Refugees currently undergo the most rigorous security screening process of anyone who comes to the United States.
AILA Doc No. 06053065 | Dated May 30, 2006
Amendments that Passed:
Salazar (D-CO) (# 3994) (side-by-side to failed Isakson #3961)-would prohibit implementation of Titles IV and VI of the bill until the President determines that implementation of those titles would strengthen the national security of the United States. Passed 79-16.
Bingaman (D-NM) and Feinstein (D-CA) (# 3981)-would lower the annual numerical cap for H-2C guestworkers from 325,000 to 200,000 and eliminate the annual market-based escalator. Passed on voice vote (after rejecting 18-79 a Motion to Table (kill) the provision).
Kerry (D-MA) (# 3999)-would allow the Secretary of Homeland Security to deploy up to 1,000 additional border patrol agents if the governor of a border state declares an international border security emergency and requests additional agents. In addition, it would require at least 100 additional helicopters and 250 power boats, as well as training for their use, and one police-type vehicle per every three border patrol agents, with each vehicle having a portable computer. The amendment also would require that all agents have a two-way, clear and encrypted radio, a GPS device, night vision equipment when applicable, high quality body armor, reliable and effective weapons, and uniforms appropriate for climate conditions. Passed on a voice vote.
Kyl (R-AZ) (# 4027)-would render certain aliens ineligible to participate in the bill's earned adjustment and deferred mandatory departure programs, including aliens: (1) subject to final orders; (2) who failed to depart after a grant of voluntary departure; (3) who are subject to reinstatement of removal after illegal reentry; (4) who have been convicted of a serious crime here; who are believed to have committed a serious crime outside the U.S.; or who are believed to be a danger to the security of the U.S.; or (5) who have been convicted of a felony or 3 or more misdemeanors. A discretionary waiver would be available for non-criminal aliens who: (1) failed to receive notice of removal proceedings; or (2) establish that their failure to appear was due to exceptional circumstances; or (3) can demonstrate that their departure would result in extreme hardship to a U.S. citizen or lawful permanent resident spouse, parent or child. Passed 99-0.
Sessions (R-AL) (# 3979)-would provide for the construction of at least 370 miles of triple-layered fencing and 500 miles of vehicle barriers in areas along the southwest border that the Secretary determines are areas that are most often used by smugglers and aliens attempting to gain entry into the U.S. In addition, the amendment would require the DHS to repair and extend existing fencing, and construct vehicle barriers, in the Tucson and Yuma sectors. All construction would be required to be completed within two years of the bill's enactment. Passed 83-16.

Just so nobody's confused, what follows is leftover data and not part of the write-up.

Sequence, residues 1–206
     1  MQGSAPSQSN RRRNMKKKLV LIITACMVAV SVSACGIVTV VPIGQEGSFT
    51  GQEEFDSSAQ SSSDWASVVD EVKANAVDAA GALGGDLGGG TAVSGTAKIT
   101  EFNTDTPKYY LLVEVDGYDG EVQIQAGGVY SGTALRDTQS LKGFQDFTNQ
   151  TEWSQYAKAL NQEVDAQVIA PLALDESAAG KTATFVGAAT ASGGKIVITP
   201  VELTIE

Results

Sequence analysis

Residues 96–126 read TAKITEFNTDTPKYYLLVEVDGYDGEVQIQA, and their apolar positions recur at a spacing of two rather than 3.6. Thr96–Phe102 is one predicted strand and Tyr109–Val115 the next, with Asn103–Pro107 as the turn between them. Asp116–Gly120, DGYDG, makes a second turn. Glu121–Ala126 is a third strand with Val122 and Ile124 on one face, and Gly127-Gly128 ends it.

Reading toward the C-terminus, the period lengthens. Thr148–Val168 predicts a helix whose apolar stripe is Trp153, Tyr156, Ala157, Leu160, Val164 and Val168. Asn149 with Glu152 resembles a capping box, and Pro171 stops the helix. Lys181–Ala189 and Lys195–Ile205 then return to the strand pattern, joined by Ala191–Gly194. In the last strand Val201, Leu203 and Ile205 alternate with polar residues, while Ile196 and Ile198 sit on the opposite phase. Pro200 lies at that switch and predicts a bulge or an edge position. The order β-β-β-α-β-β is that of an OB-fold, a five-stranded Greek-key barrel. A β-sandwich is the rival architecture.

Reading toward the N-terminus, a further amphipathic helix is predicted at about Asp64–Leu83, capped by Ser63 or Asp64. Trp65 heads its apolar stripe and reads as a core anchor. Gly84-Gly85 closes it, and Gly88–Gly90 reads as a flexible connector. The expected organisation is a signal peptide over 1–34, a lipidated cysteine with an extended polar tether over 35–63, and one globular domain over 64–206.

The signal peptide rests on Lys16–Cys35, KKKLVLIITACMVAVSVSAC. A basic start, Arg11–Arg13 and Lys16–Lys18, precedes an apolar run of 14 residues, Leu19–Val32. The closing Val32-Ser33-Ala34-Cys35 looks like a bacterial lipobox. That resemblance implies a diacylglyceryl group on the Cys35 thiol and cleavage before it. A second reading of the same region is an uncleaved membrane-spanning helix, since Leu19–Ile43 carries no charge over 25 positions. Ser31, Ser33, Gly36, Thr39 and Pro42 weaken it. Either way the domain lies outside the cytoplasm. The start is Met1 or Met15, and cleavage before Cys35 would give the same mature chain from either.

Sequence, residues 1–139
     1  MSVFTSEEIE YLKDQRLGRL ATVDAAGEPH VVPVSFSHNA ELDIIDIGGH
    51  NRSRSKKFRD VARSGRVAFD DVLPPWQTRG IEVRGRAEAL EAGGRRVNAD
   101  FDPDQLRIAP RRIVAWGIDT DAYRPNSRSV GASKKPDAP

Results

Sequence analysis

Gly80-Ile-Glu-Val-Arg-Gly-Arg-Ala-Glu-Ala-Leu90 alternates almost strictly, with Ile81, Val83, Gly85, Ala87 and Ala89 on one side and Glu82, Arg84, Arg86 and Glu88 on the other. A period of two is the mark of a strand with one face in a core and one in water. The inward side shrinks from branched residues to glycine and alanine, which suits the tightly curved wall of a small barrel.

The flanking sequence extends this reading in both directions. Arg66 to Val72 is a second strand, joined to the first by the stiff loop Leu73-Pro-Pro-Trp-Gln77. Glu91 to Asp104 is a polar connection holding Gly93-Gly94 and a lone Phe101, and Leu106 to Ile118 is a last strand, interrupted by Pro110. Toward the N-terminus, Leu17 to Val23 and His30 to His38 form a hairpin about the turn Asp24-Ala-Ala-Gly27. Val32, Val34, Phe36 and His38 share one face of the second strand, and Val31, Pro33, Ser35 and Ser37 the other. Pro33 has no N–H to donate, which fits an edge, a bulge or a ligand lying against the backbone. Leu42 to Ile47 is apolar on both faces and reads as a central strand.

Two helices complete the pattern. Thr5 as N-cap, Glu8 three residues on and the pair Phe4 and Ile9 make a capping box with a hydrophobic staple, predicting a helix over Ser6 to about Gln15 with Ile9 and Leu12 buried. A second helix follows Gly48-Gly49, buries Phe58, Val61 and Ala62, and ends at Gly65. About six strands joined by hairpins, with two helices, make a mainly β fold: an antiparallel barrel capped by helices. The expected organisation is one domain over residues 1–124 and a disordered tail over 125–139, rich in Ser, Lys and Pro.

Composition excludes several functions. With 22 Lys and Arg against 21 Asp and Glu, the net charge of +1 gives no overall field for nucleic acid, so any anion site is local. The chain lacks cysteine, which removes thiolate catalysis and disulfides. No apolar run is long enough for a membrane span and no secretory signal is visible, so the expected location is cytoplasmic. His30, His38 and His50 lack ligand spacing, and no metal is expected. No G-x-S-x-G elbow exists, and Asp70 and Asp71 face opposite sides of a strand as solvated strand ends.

Obama (D-IL) (# 3971)-would revise the bill's provisions for determining the prevailing wage for an occupation and would lower the unemployment rate that would trigger a freeze on H-2C workers in a given metropolitan statistical area from 11 percent to 9 percent. Passed on a voice vote.
Leahy (D-VT) (# 4018)-would amend section 7209(b)(1) of the Intelligence Reform and Terrorism Prevention Act of 2004 to extend the Western Hemisphere Travel Initiative (WHTI) for 18 months, from January 1, 2008 to June 1, 2009. As background, WHTI initiative requires all U.S. citizens, Canadians, citizens of Bermuda and Mexico, to have a passport or other accepted secure travel document when entering the United States by January 1, 2008. Passed on a voice vote.
Santorum (R-PA) (# 4000)-would amend INA § 217(c) to provide for the probationary participation in the Visa Waiver Program of any country that contributed substantially to U.S. coalition efforts in the war in Iraq and Afghanistan, and that are members of the European Union. It appears that the amendment would have the effect of allowing Poland to participate in the program. Passed on a voice vote.
Cornyn and Kyl (# 3965)-would amend (and essentially gut) the provisions of the bill that allow H-2C visa holders to self-petition for permanent residence. Currently, the bill would permit H-2C workers to self-petition if they have maintained H-2C status in the U.S. for a cumulative total of 4 years. Under the Cornyn amendment, the H-2C worker could self-petition after 4 years only if an employer attests that the employer will employ the worker in the offered job position, and the Secretary of Labor certifies that there are not sufficient U.S. workers who are able, willing, qualified, and available to fill the position. Passed 50-48. (But see Kennedy #4066, below).
Kennedy (D-MA) (# 4066) (side-by-side to the Cornyn/Kyl # 3965, above)-would allow an H-2C worker with the requisite 4 years in H-2C status (this time requirement was included in the original legislation) to self-petition for permanent residence if the worker successfully petitions the Labor Department for a certification that there are insufficient U.S. workers willing and available to fill the job, and submits at least 2 documents from the following list to establish current employment: (1) records maintained by the SSA; (2) records maintained by the alien's employer; (3) records maintained by the IRS; or (4) records maintained by any other government agency. Passed 56-43.